Glutathione is a major antioxidant located in every cell of the human body. It is a tripeptide that contains cysteine, glutamic acid, and glycine residues that can be synthesized and reused endogenously or supplemented exogenously. Glutathione exists in the oxidized and reduced form and affects many cellular functions and overall health.
The concentration of glutathione varies across different tissues. In vitro studies reveal the concentration of glutathione in the central nervous system (CNS) is highest in astrocytes and followed by neurons. The brain utilizes 20% of the oxygen in the body, despite only constituting 2% of total body weight. Glutathione plays an important role in counteracting the brain’s high vulnerability to oxidative stress. Glutathione is also involved in the detoxification of hydrogen peroxide, regulation of DNA synthesis and repair, and stabilization of cell membranes.
Glutathione may be essential for healthy aging. During the aging process, glutathione supports neuronal defense against oxidants like free radicals, reactive oxygen species, and reactive nitrogen species. Studies show that impairment of glutathione function in the brain may lead to CNS function impairment, loss of neurons, and decreased cognitive performance and sensorimotor function. Depleted brain glutathione status is associated with various neurogenerative conditions and diseases, such as mild cognitive impairment and Alzheimer's disease. Furthermore, glutathione depletion may lead to abnormalities in methylation metabolism and mitochondrial function.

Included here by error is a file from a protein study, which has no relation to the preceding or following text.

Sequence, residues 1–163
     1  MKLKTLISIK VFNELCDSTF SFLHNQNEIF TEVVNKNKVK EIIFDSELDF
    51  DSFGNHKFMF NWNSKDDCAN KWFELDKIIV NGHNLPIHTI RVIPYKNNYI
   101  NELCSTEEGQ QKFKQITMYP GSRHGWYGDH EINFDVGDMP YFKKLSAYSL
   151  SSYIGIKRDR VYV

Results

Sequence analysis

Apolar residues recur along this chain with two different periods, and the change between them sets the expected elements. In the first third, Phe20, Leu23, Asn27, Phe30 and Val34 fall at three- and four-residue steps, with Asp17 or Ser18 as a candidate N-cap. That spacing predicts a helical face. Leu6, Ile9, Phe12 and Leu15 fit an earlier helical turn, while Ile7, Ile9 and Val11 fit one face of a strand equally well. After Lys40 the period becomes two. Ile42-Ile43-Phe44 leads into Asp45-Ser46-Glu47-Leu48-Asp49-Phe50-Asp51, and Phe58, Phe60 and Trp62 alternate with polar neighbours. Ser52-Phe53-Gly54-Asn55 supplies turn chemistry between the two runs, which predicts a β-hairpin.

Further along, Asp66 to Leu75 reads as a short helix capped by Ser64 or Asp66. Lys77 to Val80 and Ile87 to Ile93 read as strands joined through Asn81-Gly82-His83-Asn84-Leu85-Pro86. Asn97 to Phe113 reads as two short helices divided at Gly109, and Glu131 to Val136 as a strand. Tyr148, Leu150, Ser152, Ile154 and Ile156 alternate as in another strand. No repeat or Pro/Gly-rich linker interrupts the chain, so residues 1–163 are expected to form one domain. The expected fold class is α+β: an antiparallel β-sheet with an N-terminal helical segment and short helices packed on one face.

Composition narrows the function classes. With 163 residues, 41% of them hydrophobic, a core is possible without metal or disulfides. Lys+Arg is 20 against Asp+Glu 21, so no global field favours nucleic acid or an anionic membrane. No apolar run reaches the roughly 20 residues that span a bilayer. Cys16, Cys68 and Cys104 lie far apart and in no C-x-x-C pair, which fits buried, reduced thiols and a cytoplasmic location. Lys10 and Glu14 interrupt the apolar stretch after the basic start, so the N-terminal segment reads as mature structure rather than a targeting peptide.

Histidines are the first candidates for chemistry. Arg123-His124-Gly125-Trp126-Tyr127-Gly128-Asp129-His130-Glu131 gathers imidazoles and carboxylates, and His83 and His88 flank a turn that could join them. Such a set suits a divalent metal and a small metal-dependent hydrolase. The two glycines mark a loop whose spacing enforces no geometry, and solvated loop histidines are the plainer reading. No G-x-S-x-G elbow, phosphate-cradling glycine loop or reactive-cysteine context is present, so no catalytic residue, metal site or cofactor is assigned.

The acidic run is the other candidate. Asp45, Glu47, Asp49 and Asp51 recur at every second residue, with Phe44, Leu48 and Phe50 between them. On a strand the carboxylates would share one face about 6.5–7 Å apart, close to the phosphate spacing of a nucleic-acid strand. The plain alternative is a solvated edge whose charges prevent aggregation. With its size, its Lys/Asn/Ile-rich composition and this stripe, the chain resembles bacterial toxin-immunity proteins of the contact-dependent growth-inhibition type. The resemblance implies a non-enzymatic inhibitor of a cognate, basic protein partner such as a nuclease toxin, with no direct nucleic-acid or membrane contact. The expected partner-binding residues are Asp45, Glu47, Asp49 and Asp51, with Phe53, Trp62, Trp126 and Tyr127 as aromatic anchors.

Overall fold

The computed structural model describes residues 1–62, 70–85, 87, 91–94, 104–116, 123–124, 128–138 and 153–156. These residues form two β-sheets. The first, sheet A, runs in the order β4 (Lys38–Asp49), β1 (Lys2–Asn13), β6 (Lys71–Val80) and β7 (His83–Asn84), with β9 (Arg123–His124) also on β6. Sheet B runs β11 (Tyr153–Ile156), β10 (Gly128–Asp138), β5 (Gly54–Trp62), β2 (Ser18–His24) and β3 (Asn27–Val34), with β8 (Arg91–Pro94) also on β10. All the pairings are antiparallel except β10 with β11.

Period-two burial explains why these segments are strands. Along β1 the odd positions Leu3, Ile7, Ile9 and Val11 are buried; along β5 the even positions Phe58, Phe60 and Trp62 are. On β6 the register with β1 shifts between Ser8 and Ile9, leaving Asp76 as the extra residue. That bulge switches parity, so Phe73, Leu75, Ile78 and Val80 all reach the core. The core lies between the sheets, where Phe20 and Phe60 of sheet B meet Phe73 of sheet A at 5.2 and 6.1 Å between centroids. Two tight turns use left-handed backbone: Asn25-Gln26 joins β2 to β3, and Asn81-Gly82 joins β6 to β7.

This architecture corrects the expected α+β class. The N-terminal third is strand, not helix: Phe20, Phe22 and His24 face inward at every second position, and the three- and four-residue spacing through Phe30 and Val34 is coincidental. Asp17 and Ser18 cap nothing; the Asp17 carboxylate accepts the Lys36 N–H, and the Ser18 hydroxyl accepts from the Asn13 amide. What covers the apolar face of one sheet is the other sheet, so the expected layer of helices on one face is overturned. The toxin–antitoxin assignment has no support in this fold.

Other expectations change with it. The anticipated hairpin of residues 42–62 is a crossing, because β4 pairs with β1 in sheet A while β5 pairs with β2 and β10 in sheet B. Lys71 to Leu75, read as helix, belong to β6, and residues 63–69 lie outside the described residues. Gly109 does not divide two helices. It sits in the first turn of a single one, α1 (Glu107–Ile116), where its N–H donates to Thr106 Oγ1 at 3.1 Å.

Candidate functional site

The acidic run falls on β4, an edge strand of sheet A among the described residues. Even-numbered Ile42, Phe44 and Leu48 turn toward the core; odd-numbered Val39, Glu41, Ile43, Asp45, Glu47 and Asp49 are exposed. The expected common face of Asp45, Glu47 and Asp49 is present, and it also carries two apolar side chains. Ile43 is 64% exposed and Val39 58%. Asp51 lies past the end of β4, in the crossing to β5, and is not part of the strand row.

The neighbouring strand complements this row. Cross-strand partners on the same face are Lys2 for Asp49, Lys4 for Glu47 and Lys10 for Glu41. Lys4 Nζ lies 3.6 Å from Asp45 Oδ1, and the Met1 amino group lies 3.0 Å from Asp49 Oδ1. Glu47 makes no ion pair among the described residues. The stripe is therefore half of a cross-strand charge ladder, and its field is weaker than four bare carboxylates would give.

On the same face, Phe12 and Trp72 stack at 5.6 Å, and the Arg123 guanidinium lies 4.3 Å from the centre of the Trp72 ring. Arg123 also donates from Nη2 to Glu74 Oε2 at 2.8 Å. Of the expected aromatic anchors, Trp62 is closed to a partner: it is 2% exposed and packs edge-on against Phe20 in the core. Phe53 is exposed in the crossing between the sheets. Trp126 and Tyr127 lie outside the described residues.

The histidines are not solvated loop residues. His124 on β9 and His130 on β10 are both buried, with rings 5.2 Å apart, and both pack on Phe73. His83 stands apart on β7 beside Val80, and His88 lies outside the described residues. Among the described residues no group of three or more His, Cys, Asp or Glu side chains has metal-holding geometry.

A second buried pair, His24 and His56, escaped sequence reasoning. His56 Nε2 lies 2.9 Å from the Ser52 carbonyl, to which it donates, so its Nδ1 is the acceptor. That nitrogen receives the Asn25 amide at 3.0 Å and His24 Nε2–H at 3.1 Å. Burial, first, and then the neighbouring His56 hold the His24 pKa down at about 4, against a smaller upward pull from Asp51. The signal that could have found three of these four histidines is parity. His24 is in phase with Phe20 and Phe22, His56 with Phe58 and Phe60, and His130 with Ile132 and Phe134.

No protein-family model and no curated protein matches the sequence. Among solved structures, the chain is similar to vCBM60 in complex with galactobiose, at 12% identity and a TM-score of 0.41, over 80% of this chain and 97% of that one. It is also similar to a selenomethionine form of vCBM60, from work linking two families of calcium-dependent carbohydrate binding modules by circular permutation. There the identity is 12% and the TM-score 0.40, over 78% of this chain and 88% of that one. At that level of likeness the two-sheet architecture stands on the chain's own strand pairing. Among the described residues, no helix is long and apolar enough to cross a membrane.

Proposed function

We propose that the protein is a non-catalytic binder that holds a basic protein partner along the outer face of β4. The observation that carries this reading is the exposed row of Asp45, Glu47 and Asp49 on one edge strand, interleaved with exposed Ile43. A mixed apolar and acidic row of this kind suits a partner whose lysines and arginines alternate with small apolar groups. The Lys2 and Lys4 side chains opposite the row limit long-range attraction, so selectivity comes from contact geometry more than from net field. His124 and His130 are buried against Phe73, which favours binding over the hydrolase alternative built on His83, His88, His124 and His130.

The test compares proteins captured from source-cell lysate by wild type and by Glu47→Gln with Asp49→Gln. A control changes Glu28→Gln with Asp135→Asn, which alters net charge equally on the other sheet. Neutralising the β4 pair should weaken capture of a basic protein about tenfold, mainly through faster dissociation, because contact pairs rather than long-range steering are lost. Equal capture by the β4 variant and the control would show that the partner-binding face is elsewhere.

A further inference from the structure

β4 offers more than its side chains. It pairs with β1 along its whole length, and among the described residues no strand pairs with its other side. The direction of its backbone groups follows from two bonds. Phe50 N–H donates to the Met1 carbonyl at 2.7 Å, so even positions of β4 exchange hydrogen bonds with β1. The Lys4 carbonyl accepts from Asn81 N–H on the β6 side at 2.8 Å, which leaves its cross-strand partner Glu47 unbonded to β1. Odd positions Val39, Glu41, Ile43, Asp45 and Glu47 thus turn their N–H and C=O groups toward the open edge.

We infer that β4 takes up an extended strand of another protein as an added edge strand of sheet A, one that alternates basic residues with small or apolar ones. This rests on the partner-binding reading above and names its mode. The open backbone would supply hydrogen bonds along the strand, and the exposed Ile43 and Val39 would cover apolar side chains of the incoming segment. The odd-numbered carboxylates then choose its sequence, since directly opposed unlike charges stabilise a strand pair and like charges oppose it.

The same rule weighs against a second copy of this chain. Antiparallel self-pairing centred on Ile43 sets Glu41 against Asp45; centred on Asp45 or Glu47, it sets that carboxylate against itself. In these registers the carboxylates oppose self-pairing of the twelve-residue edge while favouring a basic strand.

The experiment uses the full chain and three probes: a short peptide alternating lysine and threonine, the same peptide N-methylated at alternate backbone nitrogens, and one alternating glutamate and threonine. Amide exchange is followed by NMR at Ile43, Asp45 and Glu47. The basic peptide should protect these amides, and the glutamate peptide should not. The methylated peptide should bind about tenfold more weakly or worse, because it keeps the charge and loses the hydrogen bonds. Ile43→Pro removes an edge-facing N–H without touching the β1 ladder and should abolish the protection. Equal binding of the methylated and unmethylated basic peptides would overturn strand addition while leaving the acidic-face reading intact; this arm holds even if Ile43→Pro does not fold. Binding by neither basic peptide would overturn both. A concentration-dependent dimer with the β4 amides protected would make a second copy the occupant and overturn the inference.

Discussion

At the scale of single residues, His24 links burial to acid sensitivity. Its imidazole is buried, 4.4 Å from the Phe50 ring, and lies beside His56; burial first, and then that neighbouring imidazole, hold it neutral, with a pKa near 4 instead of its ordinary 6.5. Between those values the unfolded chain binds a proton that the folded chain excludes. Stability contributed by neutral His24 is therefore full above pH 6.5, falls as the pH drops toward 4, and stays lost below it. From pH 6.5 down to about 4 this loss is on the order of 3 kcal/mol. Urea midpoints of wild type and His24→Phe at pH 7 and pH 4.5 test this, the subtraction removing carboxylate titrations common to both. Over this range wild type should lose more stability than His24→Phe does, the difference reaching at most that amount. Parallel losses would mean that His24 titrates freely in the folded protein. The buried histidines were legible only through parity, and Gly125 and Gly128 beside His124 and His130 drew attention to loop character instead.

A human clinical study (n = 60) used magnetic resonance spectroscopy to quantify endogenous glutathione status in younger and older adults, with a mean of 21.8 years and 72.8 years of age, respectively. The researchers found glutathione levels were higher in older adults compared to younger adults. They suggest that the upregulation of glutathione synthesis is a response to increased brain oxidative stress that occurs with normal aging.
In contrast, postmortem human studies and animal studies reveal that aging is accompanied by decreased glutathione status in both men and women. Upregulated oxidative stress, nutrient deficiencies, or increased environmental toxin burden may result in depleted glutathione status. An individual’s genetic variability in glutathione-associated enzymes (such as glutathione-S-transferase and gamma-glutamyl transferase) may dysregulate glutathione status. In addition, a lack of nutrient cofactors (e.g., selenium, vitamin C, and riboflavin) are required for glutathione production and regeneration, which may be contributing to glutathione depletion.
When endogenous glutathione status is depleted, supplementation may be beneficial. Human clinical trials have reported clinically relevant benefits of supplementing with glutathione or N-acetyl cysteine (a glutathione precursor) to replenish brain antioxidant defense homeostasis, specifically liposomal glutathione.
Glutathione is a vital antioxidant in the body that modulates the redox balance and oxidative stress. Therefore, glutathione may play an important role in healthy aging and overall brain health.
By Danielle Moyer, MS, CNS, LDN